How Sport Can Change Women's Lives
How many times have I asked for a pay rise? Once. And I nearly cried. How many times have I asked for a promotion? Never. That’s the problem with so many women in the workplace, we think careers are like a 1940s tea dance. Nice girls wait to be asked. But after fifteen years of work, I’m finally realising that men do things differently. Or so I hear. There’s X who demanded to be promoted to chief whatsit, or Y who refused to take the job unless he was paid £10K more than it was advertised for. Why aren’t I more like them?
According to one study, sport has everything to do with it. In 2013 multinational firm EY found that women with sports backgrounds were more likely to reach the top. From Hillary Clinton (college basketball), head of the International Monetary Fund Christine Lagarde (France national synchronized swimming team), Condoleezza Rice (figure skating and tennis), to Brazilian president Dilma Rousseff (volleyball) and CEO of Pepsi Indra Nooyi (cricket).
My favourite example of all time, however, has to be Twitter board member Marjorie Scardino, an ex-rodeo rider.
So what does sport give women that they wouldn’t otherwise have? Of course it teaches you how to win, how to lose and how to work in a team. But according to the EY report, the most important thing sport teaches you is how to bounce back from rejection, failure and all other manner of major or minor setbacks. That’s both liberating and empowering.
Michelle Moore is one of those people who have benefited from sport. A former athlete who competed at county level in her youth, now in her forties she still displays all the traits of a sportswoman’s drive. ‘Sport brought out my natural leadership abilities. In my career I’ve fast forwarded through every level, at every stage. I want to win. I want to be the best.’ At thirty-two Michelle was assistant head teacher in a secondary school, rising to become one of a very few black women in a senior position with local authority management, and is now an expert on diversity in sport. Michelle is adamant that a youth spent on the athletics track prepared her for a successful path in the workplace. ‘You come to see yourself almost from the outside. I think it’s a result of constantly measuring yourself against external barometers.’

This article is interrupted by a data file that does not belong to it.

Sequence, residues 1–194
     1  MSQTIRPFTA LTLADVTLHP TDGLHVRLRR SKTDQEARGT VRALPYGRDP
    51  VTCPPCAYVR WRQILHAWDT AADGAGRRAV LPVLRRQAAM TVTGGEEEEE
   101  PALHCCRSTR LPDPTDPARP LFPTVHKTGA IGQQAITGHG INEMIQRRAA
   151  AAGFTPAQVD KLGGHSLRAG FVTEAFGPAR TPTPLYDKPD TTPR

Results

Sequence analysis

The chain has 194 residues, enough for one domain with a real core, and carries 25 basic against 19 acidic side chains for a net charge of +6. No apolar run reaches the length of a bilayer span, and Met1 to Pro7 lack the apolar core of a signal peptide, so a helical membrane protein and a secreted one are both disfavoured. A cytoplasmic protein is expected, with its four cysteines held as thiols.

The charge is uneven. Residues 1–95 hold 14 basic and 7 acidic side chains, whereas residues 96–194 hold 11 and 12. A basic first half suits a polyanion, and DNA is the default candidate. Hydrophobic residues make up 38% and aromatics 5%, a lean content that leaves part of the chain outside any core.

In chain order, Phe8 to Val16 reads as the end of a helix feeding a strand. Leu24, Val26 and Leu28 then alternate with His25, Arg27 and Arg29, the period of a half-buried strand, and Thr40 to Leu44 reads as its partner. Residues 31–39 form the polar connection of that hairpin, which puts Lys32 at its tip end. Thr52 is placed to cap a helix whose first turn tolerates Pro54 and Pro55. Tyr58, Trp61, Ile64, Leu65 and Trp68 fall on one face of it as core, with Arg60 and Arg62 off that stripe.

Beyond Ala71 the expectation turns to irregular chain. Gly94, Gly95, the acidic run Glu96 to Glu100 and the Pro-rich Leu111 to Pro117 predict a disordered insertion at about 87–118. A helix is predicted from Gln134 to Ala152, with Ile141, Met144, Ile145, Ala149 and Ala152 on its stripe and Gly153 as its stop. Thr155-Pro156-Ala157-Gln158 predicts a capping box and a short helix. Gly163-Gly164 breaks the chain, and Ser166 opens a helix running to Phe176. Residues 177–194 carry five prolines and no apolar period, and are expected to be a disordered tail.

It’s so rare to hear women speak openly and unashamedly about wanting to be the best at work. Despite all our societal demands for a more productive workforce and economy, being competitive is still a taboo for women – as though, somehow, it’s all a bit bitchy and unseemly if you want to get ahead. But shouldn’t ambition, or getting things done, be lauded?
You don’t have to have played sport at a high level for the EY effect to have an impact. Mumsnet CEO Justine Roberts was sports-mad as a kid. She enjoyed a spell as a sports journalist writing for national newspapers before deciding to carve out a more family- friendly career and set up Mumsnet. The forum is now the biggest discussion site for parents in the UK. The Mumsnet working pattern is exemplary in its design and means that parents can easily be employed across flexible hours. So far, so unsporty. Four children later, and Justine says her interest in sport has massively influenced her career. ‘It’s helped me hugely,’ she says now, ‘it’s helped in male-dominated environments – it’s a great icebreaker talking about sport because you’re never stuck for anything to say – but it’s also exposed me to how to deal with competition, and how to work in a team. Being in a leadership role, it’s no good having one or two high-flyers going off and being brilliant, you need to pull the team along together and that’s a very sporting scenario.’
Out in the real world, though, how many women are there like Michelle or Justine? Hardly any of my schoolfriends played sport at a serious level. Of the ones who did, most had quit by the time puberty hit. And thirty years on, with PE so low on the list of priorities for schoolchildren, particularly girls, that pattern is not likely to change anytime soon. Do the people in charge of the national curriculum even know that sport can positively affect a woman’s future career prospects? Because all the rhetoric around engaging young girls in physical activity and ‘never mind if it’s Zumba rather than, say, cricket’ doesn’t really cut the mustard. We don’t know if Zumba is going to make you more competitive, and EY’s research doesn’t cover yoga, or Pilates, or aerobics. Of course there’s an argument to say that all of those things could potentially offer women similar leadership and workplace skills based around commitment, discipline and hard work. But if it’s not the same, and if we’re not getting any closer to generating a female workforce with a grounding in sport, then what on earth can we do about it?
For a start, sport needs to be taken more seriously as a platform for creating strong, ambitious and independent-minded young women. Despite being hugely influential and potentially life-changing, sport is still seen as a bit of a joke; within newspapers the sports desk is often referred to as ‘the toy department’. But sport, particularly for women, has always been so much more than that. It’s revolutionary, empowering, radical, and political. It’s at the front line of change, and if we want the workplace to change for women – from equal pay to maternity rights – we cannot afford to ignore sport’s role here.
This is an edited extract from Anna Kessel's Eat Sweat Play; click the link below to purchase: